Notes on the Text
In One Version of the Story is a lyric exploration of the ways human beings confront desire, loss and absence by creating stories. Its narrative situation begins with from the French folk legend of “l’Inconnue de la Seine”—the unidentified young woman who drowned herself in Paris in the 1880s, and whose (unauthorized) death mask was eventually cast as the face of Resusci-Anne CPR training dummies—but eventually the book encompasses a chronicle of personal loss, a history of photography, a study of the mechanics of breathing, and a solo climb to the rim of a Mediterranean volcano.
The book is a hybrid of narrative history, lyric meditation, and journalistic investigation, often implicating the speaker (and reader) in the act of mythmaking itself. It is story-making itself which is interrogated here, however the book seeks not to recreate narratives, but rather to understand why they matter—why and how we give them the meaning that we do.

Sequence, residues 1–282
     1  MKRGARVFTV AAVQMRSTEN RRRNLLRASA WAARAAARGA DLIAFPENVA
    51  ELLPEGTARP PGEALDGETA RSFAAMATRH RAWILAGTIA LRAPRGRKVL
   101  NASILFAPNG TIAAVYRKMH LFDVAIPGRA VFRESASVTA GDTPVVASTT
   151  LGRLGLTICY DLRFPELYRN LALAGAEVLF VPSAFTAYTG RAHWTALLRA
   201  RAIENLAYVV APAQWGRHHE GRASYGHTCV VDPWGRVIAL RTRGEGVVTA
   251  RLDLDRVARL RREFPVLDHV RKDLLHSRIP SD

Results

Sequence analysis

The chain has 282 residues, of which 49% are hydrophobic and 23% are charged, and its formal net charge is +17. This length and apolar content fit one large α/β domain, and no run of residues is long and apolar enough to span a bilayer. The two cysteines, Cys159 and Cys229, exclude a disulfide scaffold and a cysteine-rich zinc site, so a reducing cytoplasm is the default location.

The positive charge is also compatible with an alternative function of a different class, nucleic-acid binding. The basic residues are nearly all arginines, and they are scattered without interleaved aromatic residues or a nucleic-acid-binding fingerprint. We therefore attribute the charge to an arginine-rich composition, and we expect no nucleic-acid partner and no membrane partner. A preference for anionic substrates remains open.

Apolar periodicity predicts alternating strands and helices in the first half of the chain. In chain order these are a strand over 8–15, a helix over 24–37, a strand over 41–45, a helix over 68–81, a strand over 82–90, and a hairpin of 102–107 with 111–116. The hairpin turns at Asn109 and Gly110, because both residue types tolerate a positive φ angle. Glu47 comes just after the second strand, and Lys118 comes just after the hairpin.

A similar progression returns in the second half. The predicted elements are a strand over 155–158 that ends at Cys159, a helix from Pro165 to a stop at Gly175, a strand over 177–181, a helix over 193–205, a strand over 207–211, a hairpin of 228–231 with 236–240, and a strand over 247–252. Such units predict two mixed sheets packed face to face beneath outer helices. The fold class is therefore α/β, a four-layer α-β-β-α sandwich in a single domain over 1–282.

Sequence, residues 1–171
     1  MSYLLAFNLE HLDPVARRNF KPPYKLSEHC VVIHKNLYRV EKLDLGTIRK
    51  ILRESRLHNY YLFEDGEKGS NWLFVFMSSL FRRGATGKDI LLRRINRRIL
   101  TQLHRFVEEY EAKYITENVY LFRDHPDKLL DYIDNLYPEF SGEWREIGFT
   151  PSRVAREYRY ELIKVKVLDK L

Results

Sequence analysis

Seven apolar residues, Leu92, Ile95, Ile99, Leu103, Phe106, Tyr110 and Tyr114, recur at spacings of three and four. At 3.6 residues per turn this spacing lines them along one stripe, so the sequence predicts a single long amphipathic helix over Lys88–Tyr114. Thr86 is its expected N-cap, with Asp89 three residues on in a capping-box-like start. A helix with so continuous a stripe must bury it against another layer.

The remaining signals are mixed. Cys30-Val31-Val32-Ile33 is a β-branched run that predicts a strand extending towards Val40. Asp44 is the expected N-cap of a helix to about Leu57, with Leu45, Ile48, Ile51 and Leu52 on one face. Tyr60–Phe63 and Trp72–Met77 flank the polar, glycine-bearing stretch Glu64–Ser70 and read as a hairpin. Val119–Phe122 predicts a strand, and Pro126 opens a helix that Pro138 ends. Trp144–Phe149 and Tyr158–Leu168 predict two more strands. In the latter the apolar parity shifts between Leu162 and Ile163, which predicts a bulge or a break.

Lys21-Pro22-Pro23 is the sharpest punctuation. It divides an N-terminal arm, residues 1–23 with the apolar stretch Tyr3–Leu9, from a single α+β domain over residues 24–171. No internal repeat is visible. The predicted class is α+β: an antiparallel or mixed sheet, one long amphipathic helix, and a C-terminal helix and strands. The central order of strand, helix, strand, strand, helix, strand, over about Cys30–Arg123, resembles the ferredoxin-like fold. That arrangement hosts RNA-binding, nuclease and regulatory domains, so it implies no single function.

Ophelia of the Seine, Angelique Crisafis (The Guardian 2007)
Death Masks, Podcast on l’Inconnue de la Seine (Radiolab 2011)
The Drowned Muse: Casting the Unknown Woman Across the Tides of Modernity, Anne-Gaelle Saliot (Oxford Press 2015)